What Noah Vonleh also presented to the Knicks was a reclamation project, something that has become a theme on their roster. He joined Trey Burke and Emmanuel Mudiay as recent lottery picks looking to rejuvenate their careers in New York. Of course, Mario Hezonja would become another player who fits this mold. Like Vonleh, he signed a one-year deal hoping he could prove he still has value in the NBA.
Both Hezonja and Vonleh signed what I like to call “prove it” deals. They faced a tight market in 2018 and knew the following summer would be flush with cap dollars. If they could prove they still had game as players who are only 23 years old, they could turn their one-year “prove it” deal into a nice payday.
The problem for the Knicks is that these one-year “prove it” deals end up helping the player more than the team.
The way the Collective Bargaining Agreement (CBA) works, teams gain salary cap exception rights on players based on the number of consecutive years they play for the team. Since both Hezonja and Vonleh are only signed through this season, they will become non-Bird free agents in July. The Knicks can exceed the cap to re-sign them, but only by offering a very modest 20% raise over their current salary.
This is where we will transition our focus to Noah Vonleh, keeping in mind that the same principles apply to Mario Hezonja, but in a much more limited capacity since Hezonja is making more money and doesn’t offer the same potential return in the trade market right now (at least that is my educated guess).
Noah Vonleh is making only $1.6 million to play for the Knicks this season, an amount that was only recently fully guaranteed. His cap hold in July would be minuscule, only 120% of his salary, but the amount the Knicks could exceed the cap to re-sign him would be prohibitively low in trying to keep him, the same 120% amount.
This means the Knicks have found a player on the cheap who has proven he could be a valuable piece going forward, but they essentially have no advantage as the host team in trying to keep him, other than using cap space like every other team would need to do in trying to sign him away from them.
Meanwhile, Vonleh’s name is beginning to appear in trade rumors. Stefan Bondy of the New York Daily News recently confirmed what we saw in an earlier report from Sean Deveney of the Sporting News that Philadelphia might be interested in parting with a draft pick to acquire the versatile big man. A report which was later refuted.
Sixers have expressed interest in Knicks forward Noah Vonleh, according to a source.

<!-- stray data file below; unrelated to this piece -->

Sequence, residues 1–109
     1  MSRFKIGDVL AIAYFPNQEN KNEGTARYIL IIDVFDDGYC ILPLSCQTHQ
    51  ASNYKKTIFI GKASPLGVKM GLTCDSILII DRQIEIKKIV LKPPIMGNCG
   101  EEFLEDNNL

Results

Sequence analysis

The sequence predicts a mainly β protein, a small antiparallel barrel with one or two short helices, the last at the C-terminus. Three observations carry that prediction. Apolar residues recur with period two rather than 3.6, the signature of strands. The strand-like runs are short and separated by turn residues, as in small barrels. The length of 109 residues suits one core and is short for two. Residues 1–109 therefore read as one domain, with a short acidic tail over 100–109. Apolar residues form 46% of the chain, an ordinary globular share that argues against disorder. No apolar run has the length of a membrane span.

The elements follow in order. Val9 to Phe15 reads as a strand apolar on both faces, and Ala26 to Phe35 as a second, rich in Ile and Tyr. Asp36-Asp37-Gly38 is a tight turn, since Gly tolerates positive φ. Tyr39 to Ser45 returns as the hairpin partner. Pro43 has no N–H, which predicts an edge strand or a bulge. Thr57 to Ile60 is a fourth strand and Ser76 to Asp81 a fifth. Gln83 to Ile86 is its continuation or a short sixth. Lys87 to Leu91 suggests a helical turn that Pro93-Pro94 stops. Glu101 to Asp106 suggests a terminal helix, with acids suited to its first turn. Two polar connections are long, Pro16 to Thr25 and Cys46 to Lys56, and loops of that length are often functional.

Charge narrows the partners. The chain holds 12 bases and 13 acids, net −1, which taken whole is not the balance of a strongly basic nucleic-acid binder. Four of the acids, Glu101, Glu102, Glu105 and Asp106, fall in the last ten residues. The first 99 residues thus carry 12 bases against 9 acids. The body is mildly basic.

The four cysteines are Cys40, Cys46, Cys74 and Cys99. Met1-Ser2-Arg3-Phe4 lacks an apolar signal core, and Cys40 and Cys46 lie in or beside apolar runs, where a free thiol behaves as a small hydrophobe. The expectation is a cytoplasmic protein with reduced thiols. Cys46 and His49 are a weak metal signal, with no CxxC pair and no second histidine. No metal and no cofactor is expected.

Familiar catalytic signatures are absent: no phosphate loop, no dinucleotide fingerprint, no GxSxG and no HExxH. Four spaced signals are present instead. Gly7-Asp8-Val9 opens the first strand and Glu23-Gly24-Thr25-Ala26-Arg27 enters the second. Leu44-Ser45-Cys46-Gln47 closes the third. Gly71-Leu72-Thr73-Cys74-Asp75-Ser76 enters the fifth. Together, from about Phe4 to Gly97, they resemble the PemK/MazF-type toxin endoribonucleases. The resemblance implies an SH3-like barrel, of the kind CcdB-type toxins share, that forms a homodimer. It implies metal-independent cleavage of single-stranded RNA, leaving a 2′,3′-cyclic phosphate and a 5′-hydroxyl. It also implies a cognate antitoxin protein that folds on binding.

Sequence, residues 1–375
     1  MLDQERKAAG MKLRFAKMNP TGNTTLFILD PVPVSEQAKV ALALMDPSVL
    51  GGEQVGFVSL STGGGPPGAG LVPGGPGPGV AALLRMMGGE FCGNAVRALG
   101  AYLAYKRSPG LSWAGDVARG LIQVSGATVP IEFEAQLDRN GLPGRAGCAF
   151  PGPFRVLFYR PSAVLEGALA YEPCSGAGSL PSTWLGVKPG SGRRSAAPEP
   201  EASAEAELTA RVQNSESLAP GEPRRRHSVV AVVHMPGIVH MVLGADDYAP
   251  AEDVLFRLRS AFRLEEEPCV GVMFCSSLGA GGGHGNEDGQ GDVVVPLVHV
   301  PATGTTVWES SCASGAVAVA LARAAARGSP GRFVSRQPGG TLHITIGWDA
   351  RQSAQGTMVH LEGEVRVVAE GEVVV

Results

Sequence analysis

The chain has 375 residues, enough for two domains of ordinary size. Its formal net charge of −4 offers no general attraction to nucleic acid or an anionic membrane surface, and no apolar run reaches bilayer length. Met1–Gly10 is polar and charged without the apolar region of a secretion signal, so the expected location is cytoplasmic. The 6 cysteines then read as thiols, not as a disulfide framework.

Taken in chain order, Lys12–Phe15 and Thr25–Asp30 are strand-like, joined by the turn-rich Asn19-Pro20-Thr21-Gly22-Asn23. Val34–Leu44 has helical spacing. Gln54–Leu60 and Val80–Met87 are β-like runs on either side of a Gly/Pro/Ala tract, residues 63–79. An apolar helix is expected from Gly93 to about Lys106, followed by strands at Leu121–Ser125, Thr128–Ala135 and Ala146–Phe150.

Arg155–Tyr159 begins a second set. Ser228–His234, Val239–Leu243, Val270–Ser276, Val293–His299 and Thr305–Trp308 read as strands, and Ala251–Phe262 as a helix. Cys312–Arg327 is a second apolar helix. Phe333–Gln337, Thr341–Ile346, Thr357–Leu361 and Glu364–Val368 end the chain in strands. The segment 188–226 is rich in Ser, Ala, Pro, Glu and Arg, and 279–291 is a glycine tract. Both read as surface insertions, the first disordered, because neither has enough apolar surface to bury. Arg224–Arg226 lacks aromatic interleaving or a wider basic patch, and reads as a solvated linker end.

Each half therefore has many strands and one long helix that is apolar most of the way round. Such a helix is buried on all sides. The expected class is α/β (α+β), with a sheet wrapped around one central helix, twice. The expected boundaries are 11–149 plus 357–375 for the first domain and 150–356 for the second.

— Stefan Bondy (@SBondyNYDN) January 16, 2019
Normally, you wouldn’t consider trading a player you found in the bargain bin, but since the Knicks don’t gain anything by keeping him on their roster for the remainder of this season, it makes sense to explore a trade.
Had the Knicks signed Vonleh with a team option for next season, this discussion would be completely different. By exercising his team option, the Knicks could have earned his Early-Bird rights by next summer, which would give them greater purchasing power in retaining him while trying to maximize the amount they are able to spend with their cap space.
Signing players to one-year “prove it” deals seems appealing, but if you don’t structure in a team option for the second season, you basically cancel out the long-term benefits of finding a diamond in the rough.
Of course, adding a team option to a one-year deal is easier said than done. Players want to give themselves a chance to “prove it” so they can make more money in the subsequent offseason. But with someone like Vonleh, who signed a non-guaranteed deal, I would have to think he would have gladly accepted guaranteed money with a team option attached.
Water under the bridge now, but all to be considered in how you maximize Vonleh as an asset going forward. Do you simply let him use New York as a jumping off point, only to let another team reap the long-term benefits? If the Knicks are truly in contention for a player like Kevin Durant, perhaps none of this matters, since they would have trouble saving the necessary cap space to re-sign him, anyway.
But if the Knicks don’t max out their cap space and they do want to re-sign Vonleh, nothing changes by trading him. He will undoubtedly command more than a 20% raise on his current salary, so the Knicks will need to use cap space to sign him whether they trade him or not.
This is why you need to trade him. You are not forfeiting any advantage in re-signing him by trading him, and you risk losing him for nothing if you don’t trade him. The Knicks made a wise decision in believing Vonleh can be a positive contributor; it would be nice if they could reap some reward for this other than the play he provides on the court during a tanking season.
Exhausting Vonleh as an asset by letting his contract run up without making a trade is simply poor asset management. It would be like purchasing a savings bond and not collecting the interest that is owed. The Knicks invested in Noah Vonleh, he has appreciated in value, and since their ability to re-sign him is not tied to whether he finishes this season in New York or not, they need to find a way to cash-in on his increased value by trading him.